Telcos fined though new interconnect policy in works
Though Trai appears to have struck a blow for consumers, and competition, by recommending a R3,050 crore penalty on Airtel/Vodafone/Idea—the Attorney General, reportedly, cleared the way for this last week—for not providing RJio enough Points of Interconnection (PoI), the telecom regulator is guilty of not reading its own rules. As Trai has said in the past, and everyone recognises, interconnection is the key to telecom. Which is why, starting from 1994 when private firms were allowed in the business, incumbents have tried to deny or delay interconnection facilities to new telcos. So, from time to time, Trai has come out with rules on interconnection. While the principle of fair-play and non-discrimination was established, however, the exact terms were left for operators to negotiate. To ensure timely provision of PoI, a 90-day window was decided. Over time, telcos like RJio protested this 90-day window was too large and several other problems were also pointed out by other telcos.
Since Trai was aware of these, it is odd that it was not proactive enough to come out with solutions in the form of firm interconnect guidelines, on the rates, the time taken to give PoIs, how the requirement of PoIs were to be calculated, and so on. While Trai was quick to recommend a penalty on telcos, and the department of telecommunications in processing this, it was only on October 21 last year, that the regulator came out with a consultation paper that, among others, asked if the 90-day window was too large—if this is the subject of consultation now, how could the telcos be penalised before clear rules were put in place since they had, in any case, provided the PoIs well within the 90-day rule? Had the 90-day window been reduced to, say, 30 days, surely the incumbent telcos would have had to provide the PoI faster than they did? And why was the licence agreement left so open-ended when it said telcos had to provide one or more PoIs ‘as are reasonably required and are of sufficient capacity and in sufficient number’? It is this interpretation of ‘reasonable’ and ‘sufficient’ that allowed RJio to say it was not getting enough PoIs and for the incumbents to say they had more than provided for RJio’s needs—this is presumably why one of the questions in the October consultation paper was “what should be the criteria to ensure that inflated demand for ports is not made by interconnection seeker?”.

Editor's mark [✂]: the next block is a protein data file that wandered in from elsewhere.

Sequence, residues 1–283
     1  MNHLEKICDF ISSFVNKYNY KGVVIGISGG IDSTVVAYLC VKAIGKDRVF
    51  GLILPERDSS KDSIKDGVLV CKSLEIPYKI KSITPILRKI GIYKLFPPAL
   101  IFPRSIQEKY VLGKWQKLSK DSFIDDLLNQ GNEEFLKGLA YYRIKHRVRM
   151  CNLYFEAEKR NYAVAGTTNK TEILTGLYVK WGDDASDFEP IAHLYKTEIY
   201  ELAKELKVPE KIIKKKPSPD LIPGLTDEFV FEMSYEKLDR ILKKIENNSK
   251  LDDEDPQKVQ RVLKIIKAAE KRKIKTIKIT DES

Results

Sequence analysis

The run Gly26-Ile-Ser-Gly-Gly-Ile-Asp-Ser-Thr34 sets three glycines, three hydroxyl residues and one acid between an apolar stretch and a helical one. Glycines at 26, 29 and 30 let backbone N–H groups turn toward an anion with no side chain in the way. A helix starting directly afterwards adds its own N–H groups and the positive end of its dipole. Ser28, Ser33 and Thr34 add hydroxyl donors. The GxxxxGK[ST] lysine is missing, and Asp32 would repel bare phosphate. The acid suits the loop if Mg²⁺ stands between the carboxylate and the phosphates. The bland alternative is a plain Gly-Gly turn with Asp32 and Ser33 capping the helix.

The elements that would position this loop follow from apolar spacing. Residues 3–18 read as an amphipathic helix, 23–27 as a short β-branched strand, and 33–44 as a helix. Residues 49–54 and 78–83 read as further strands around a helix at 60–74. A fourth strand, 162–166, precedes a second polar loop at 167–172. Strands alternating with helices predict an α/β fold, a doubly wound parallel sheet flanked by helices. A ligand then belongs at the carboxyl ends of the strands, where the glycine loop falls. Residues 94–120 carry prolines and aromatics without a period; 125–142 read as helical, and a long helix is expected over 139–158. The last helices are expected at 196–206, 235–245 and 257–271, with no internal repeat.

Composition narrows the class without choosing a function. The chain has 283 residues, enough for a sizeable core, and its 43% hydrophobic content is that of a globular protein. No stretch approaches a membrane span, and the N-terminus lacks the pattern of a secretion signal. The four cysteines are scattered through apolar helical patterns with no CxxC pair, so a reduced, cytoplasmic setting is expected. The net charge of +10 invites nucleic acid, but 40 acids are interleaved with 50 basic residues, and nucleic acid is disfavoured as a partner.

What complicates matters in the RJio case is the fact that incumbent telcos have been arguing the money paid for interconnection—the Interconnect Usage Charge (IUC)—does not reflect the costs they are incurring given how costly spectrum has become; and, given that RJio is offering free voice calls, the huge asymmetry in traffic is clogging their networks. Since all the issues are interconnected—RJio would not have as quick a subscriber build-up if it didn’t offer free services and so wouldn’t require as many PoIs—the country’s courts, including the TDSAT, are to be blamed for not ruling quickly on the cases filed on these issues.